Starbucks has announced that it will close 150 locations in some of the nation’s big cities to get ahead of its worst growth performance in nine years. But the company also admitted it is racing to blunt the effect of cities with higher minimum wages and other business-killing regulations.
The announcement comes on the heels of the company’s low one-percent rise in sales, a figure well below the 2.9 percent the company expected to achieve, Bloomberg reported.
With new CEO Kevin Johnson beginning to make his mark on the coffee giant, the closures will hit corporate-owned locations mostly in densely populated areas in the U.S., meaning that the old joke that there is a Starbucks on every corner in America’s biggest cities may become a thing of the past.
“Our growth has slowed a bit,” Johnson admitted in a recent interview, Bloomberg said. “I expect better, I think our shareholders deserve better, and we’re committed to address that.”
While growth overseas is still robust, its U.S. properties have slowed to a crawl, the company reported. Still, even with the 150 closures, a number about three times higher than its normal annual closure rate, Starbucks has approximately 14,000 locations across the U.S.A.
But one other thing Johnson admitted with the company’s percolating closure rate is that higher minimum wage laws have hurt their bottom line.
Tucked into his interview, Johnson made mention of the problems with running food service outlets in some of America’s biggest left-wing cities.
The closing stores are often in “major metro areas where increases in wage and occupancy and other regulatory requirements” are making them unprofitable, Johnson said. “Now, in a lot of ways, it’s middle America and the South that presents an opportunity.”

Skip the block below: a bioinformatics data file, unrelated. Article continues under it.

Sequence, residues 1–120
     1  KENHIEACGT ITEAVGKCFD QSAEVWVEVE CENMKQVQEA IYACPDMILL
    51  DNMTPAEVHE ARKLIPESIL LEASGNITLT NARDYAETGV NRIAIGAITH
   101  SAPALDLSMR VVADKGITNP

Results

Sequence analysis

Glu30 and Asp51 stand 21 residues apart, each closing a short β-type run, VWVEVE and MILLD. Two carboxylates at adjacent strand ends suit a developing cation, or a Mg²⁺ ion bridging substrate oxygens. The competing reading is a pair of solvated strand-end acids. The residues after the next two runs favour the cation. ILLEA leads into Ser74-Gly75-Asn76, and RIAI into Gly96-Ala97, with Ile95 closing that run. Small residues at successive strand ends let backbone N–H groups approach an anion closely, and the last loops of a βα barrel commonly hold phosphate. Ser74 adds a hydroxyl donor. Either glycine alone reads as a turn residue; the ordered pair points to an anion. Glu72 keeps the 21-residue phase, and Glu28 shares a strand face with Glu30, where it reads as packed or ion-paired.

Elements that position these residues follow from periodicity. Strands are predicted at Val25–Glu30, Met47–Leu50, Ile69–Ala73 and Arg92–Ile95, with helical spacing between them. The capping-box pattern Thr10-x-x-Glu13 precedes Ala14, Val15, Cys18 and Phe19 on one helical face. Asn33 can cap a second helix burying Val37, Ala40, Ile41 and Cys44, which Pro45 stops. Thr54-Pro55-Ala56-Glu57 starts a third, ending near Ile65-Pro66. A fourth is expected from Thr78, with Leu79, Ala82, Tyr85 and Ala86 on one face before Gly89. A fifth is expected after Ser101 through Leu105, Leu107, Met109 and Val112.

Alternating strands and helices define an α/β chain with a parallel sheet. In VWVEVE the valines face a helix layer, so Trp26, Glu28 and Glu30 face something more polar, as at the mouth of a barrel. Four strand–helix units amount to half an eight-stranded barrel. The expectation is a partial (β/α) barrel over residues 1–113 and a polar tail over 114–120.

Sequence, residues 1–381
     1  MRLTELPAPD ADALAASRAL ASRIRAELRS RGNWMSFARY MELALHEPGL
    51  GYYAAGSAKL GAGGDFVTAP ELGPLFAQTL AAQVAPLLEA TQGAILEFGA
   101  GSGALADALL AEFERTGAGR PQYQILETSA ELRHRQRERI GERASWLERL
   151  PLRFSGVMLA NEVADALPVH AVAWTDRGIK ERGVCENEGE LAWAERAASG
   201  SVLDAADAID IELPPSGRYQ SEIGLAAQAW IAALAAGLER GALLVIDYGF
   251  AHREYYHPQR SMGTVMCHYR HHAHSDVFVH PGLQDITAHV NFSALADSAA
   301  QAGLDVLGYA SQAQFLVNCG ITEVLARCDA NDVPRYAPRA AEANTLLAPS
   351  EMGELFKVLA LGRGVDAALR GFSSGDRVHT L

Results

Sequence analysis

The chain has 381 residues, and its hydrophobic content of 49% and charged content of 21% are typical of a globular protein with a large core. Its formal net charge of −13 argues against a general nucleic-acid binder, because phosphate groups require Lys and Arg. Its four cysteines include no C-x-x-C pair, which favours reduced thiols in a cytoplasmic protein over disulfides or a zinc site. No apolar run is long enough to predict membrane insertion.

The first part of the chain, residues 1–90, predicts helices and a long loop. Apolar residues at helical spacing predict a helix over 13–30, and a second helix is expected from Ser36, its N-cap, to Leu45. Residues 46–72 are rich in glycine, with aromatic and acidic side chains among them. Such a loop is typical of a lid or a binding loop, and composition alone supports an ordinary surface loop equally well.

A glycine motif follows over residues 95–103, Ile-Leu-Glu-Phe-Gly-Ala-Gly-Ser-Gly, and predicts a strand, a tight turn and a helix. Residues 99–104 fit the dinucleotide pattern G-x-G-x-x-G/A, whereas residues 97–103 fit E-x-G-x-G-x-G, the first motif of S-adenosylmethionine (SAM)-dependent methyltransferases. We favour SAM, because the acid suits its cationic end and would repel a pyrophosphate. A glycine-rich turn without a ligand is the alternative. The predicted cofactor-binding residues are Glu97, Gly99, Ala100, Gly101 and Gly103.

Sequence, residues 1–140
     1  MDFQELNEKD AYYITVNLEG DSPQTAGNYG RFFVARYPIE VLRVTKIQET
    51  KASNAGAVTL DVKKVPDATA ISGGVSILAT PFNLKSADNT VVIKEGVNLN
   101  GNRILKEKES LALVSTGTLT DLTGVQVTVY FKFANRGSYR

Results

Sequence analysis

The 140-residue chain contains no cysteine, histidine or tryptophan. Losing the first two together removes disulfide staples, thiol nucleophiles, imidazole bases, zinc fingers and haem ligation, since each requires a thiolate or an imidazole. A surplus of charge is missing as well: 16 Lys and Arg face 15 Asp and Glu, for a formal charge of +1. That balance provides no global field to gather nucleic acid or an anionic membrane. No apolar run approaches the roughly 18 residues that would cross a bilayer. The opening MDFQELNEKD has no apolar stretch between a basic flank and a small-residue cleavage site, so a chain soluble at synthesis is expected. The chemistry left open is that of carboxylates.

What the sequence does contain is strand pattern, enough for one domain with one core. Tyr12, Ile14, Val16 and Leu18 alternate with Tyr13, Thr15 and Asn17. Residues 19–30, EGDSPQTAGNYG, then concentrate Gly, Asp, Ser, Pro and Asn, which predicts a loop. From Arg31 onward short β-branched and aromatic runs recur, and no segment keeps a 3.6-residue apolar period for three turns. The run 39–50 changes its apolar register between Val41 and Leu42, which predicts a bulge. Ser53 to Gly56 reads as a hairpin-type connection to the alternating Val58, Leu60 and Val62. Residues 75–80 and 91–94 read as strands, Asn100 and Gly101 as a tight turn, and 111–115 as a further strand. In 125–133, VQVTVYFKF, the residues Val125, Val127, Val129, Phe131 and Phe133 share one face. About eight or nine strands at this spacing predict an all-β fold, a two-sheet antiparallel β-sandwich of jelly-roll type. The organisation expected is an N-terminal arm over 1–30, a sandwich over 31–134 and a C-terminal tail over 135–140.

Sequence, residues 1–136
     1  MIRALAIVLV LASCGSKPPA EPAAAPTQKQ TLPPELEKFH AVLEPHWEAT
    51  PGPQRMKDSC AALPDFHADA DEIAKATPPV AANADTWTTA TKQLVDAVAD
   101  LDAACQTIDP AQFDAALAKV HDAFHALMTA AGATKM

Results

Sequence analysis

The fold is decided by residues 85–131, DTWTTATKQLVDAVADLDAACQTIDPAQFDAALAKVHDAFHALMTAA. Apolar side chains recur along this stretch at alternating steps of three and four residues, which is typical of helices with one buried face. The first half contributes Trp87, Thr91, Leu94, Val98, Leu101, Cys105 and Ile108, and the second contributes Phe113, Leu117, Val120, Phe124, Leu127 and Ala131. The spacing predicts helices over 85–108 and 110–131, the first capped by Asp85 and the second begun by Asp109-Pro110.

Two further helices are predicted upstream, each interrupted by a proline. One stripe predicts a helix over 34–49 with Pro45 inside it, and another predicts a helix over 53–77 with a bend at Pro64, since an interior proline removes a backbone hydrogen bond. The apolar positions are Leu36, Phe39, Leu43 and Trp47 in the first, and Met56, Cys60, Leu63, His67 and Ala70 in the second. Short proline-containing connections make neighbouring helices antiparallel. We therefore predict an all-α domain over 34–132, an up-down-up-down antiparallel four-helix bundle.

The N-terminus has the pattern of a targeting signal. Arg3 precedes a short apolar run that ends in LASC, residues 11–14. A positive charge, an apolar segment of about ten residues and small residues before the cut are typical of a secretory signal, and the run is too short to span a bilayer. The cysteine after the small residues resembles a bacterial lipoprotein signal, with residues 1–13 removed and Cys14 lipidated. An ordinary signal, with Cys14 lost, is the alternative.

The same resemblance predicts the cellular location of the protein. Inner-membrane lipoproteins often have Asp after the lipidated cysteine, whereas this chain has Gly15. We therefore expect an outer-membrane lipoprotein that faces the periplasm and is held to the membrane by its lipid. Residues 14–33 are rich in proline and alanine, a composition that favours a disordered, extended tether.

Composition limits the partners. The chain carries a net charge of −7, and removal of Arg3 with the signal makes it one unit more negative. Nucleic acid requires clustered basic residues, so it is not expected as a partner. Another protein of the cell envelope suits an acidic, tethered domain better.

The inference is clear: large, liberal cities raising minimum wages have stifled growth, so Starbucks is beginning the process of fleeing the cities for the high growth, low wage south and rural areas of the nation where regulations are more friendly and exorbitant minimum wage laws are non-existent.
For a company that prides itself as one of the most left-wing, “progressive” companies in America, this admission is somewhat shocking and evidence of a “do as I say, not as I do” mentality. While Starbucks talks the game for progressive causes, it is opting out of the big cities that have put in place the very anti-business policies Starbucks has claimed to support.
The company has often boiled over with politics in recent years. In its latest political flap, Starbucks weathered charges of racism when a store in Philadelphia called the police to chase out a couple of black customers that the location’s manager said were loitering. The resulting flap sparked the company to shut down all its locations to force employees to attend “racial-bias training.” By some reports, that training was closer to anti-cop propaganda than it was to a course in racial bias.
Starbucks reported strong overseas growth, despite its anemic U.S. numbers. The coffeehouse chain will more than triple its commitment in China with plans to open a new location there every 15 hours through the year 2022.
Follow Warner Todd Huston on Twitter @warnerthuston.